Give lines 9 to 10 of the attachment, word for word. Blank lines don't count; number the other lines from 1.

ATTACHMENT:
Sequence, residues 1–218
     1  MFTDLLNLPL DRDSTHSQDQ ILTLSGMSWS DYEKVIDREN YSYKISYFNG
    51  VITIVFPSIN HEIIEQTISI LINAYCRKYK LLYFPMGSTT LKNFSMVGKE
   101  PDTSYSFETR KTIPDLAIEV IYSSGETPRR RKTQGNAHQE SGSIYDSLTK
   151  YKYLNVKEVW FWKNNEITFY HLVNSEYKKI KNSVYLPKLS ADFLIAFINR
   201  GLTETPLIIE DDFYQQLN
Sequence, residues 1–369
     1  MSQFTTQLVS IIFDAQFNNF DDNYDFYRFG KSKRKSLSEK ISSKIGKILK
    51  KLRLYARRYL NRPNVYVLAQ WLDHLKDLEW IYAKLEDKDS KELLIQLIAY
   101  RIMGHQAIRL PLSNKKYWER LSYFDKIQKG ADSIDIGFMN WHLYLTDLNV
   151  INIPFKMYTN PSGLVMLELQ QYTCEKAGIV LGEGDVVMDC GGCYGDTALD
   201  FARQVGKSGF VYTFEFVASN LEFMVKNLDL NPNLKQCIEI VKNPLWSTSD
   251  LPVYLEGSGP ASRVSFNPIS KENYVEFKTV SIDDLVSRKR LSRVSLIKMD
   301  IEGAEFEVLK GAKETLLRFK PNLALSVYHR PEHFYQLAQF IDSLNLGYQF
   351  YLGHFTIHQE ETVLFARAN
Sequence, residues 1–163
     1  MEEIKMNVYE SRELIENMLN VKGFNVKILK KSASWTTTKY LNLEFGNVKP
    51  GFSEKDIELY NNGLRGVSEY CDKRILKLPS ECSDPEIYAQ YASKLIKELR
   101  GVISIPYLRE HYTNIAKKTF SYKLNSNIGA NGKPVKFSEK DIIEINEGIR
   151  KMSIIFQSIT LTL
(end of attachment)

    51  KLRLYARRYL NRPNVYVLAQ WLDHLKDLEW IYAKLEDKDS KELLIQLIAY
   101  RIMGHQAIRL PLSNKKYWER LSYFDKIQKG ADSIDIGFMN WHLYLTDLNV